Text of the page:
The trailer does go airborne on a number of occasions, as the only suspension is in the tire. To that end, a user has to re-think tire pressures according to load and reduce accordingly. I’m finding for most reasonable loads, somewhere around 1.4bar/20psi is *plenty*, perhaps too much. I am still experimenting for the ideal pressure at a variety of loads. Running at appropriate (low) pressures reduces hop while making little of any difference to rolling resistance. Even fully loaded, the trailer tires carry only the load of a single bike wheel/tire.

Compared to other one-wheeled, sled-type platform trailers I’ve tried the Extrawheel has some advantages:
• It is lighter.
• It is shorter overall, making for easier parking.
• It is no wider than the bike, so there are no “corners" to catch and it is comparatively easy to tow in tight quarters without snagging, even with panniers mounted. 40l panniers and a 13l dry bag on the rack give 53l capacity, enough for most use.
• The Extrawheel can carry only panniers and a small rack-top load if equipped with the optional rack. This requires a more disciplined approach to packing, and is not as versatile for hauling large or odd-shaped gear.
• Ground clearance is comparable to a low-rider front rack. This, coupled with the short wheelbase makes for little chance of high-centering. Lean angles are outstanding (very high)
• It can be quickly reduced to a very small package. When reduced down,it packs smaller than any other trailer.
• The larger, bike-sized wheel prevents it from falling into potholes and such and makes the ride on rough ground almost unnoticeable wrt drag. Small wheels tend to catch and snag, and this can be felt in the bike when towing. On the other hand, larger wheels are much heavier and this can be felt in slower acceleration. The larger diameter more than makes up for this off-road and on rough surfaces.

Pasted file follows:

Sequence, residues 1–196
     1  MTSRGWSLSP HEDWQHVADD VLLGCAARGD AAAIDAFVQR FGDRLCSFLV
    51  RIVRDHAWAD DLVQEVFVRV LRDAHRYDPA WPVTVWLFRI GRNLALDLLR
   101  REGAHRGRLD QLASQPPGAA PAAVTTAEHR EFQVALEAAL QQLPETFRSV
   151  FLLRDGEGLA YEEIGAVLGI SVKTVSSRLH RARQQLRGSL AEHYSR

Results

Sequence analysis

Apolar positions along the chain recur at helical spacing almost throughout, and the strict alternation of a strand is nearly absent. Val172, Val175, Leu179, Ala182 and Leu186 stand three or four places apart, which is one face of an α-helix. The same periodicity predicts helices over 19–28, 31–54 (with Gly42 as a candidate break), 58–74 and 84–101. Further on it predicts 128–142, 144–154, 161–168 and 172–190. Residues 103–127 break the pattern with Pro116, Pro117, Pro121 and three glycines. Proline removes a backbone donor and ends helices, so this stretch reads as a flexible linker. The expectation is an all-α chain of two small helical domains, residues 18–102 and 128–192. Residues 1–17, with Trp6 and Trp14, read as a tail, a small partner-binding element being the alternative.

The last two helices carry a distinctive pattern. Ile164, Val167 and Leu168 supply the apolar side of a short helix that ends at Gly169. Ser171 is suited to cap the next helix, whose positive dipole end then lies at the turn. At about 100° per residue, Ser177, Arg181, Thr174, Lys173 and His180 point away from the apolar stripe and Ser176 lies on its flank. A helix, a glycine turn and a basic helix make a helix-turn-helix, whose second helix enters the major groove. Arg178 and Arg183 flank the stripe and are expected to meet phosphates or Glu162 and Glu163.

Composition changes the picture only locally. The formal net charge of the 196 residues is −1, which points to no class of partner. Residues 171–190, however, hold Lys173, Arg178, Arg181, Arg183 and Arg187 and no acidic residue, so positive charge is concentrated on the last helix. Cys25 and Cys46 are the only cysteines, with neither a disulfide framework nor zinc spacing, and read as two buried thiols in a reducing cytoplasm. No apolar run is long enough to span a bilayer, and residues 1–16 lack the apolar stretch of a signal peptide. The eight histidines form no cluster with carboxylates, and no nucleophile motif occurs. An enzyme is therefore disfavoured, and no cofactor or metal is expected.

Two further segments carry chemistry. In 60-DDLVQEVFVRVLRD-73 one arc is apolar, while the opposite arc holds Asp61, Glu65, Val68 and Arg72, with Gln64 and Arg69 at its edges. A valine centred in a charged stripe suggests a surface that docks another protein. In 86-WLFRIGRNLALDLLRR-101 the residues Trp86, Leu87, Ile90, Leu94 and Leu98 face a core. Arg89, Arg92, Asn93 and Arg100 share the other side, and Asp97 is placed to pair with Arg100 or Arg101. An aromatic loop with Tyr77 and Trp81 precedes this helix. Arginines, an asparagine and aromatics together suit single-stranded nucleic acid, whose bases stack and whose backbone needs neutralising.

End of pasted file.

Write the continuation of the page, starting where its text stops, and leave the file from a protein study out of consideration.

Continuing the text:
• The trailer follows the bike very closely and is impossible to jackknife when going forward. It’s “head tube” angle is such that it also leans into corners, which aids maneuverability. On the other hand, the same maneuverability going forward makes it extremely difficult to push the bike and trailer backwards when parking and maneuvering off the bike.
• Compared to even my own cargo-box two-wheeled trailers, the one-wheel trailer has it all for off-road maneuverability and can lean with the bike. Two-wheel cargo trailers place the load above the axle centers for a much higher center of gravity, and the double track means at least one wheel always hits an obstacle the bicycle can miss. The smaller 16in wheels also fare much less well off-road than the Extrawheel's 26-incher.
• My goal is to also use the trailer to provide touring cargo capacity, power, and lighting for a rental or cheaply purchased bike on arrival at a destination and so avoid added expense or damage compared to flying with my own bike. The reduced trailer and bags will fit in an astonishing small container and it can be as cheap to buy a bicycle on arrival (and perhaps sell it on departure) as it is to ship one’s own. The trailer would also be a nice way for a companion to tour with me using their own bicycle -- even a sporting bike otherwise unequipped for touring and lacking its own racks and lighting/charging systems. With two panniers at 40l capacity and a 13l dry bag and cargo limit of ~31kg, it is possible.